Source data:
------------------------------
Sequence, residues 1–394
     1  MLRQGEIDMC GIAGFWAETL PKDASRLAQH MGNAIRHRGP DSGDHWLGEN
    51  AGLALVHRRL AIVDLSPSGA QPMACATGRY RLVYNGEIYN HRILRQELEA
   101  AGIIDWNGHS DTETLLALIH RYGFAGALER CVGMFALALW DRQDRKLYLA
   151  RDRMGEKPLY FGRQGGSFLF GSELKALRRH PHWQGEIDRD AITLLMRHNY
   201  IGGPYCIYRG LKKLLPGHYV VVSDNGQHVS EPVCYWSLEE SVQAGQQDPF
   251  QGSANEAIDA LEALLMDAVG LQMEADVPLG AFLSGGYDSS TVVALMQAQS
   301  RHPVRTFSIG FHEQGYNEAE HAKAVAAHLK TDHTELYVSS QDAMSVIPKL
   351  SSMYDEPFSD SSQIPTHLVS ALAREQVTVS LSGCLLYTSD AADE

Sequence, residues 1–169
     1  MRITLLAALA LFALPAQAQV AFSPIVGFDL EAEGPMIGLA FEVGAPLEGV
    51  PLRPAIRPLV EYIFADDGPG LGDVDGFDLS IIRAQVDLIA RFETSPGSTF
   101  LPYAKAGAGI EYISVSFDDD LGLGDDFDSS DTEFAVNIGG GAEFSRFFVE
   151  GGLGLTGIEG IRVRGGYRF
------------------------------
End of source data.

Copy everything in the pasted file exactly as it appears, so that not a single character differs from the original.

Sequence, residues 1–394
     1  MLRQGEIDMC GIAGFWAETL PKDASRLAQH MGNAIRHRGP DSGDHWLGEN
    51  AGLALVHRRL AIVDLSPSGA QPMACATGRY RLVYNGEIYN HRILRQELEA
   101  AGIIDWNGHS DTETLLALIH RYGFAGALER CVGMFALALW DRQDRKLYLA
   151  RDRMGEKPLY FGRQGGSFLF GSELKALRRH PHWQGEIDRD AITLLMRHNY
   201  IGGPYCIYRG LKKLLPGHYV VVSDNGQHVS EPVCYWSLEE SVQAGQQDPF
   251  QGSANEAIDA LEALLMDAVG LQMEADVPLG AFLSGGYDSS TVVALMQAQS
   301  RHPVRTFSIG FHEQGYNEAE HAKAVAAHLK TDHTELYVSS QDAMSVIPKL
   351  SSMYDEPFSD SSQIPTHLVS ALAREQVTVS LSGCLLYTSD AADE

Sequence, residues 1–169
     1  MRITLLAALA LFALPAQAQV AFSPIVGFDL EAEGPMIGLA FEVGAPLEGV
    51  PLRPAIRPLV EYIFADDGPG LGDVDGFDLS IIRAQVDLIA RFETSPGSTF
   101  LPYAKAGAGI EYISVSFDDD LGLGDDFDSS DTEFAVNIGG GAEFSRFFVE
   151  GGLGLTGIEG IRVRGGYRF